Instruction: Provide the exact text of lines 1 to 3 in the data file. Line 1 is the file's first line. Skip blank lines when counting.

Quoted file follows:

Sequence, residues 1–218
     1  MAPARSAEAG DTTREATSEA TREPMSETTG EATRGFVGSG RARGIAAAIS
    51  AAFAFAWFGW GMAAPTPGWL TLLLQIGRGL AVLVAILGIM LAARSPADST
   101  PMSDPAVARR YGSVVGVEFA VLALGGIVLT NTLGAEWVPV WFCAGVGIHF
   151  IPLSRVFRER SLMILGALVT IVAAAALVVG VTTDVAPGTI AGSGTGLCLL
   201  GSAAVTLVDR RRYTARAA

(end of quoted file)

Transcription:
Sequence, residues 1–218
     1  MAPARSAEAG DTTREATSEA TREPMSETTG EATRGFVGSG RARGIAAAIS
    51  AAFAFAWFGW GMAAPTPGWL TLLLQIGRGL AVLVAILGIM LAARSPADST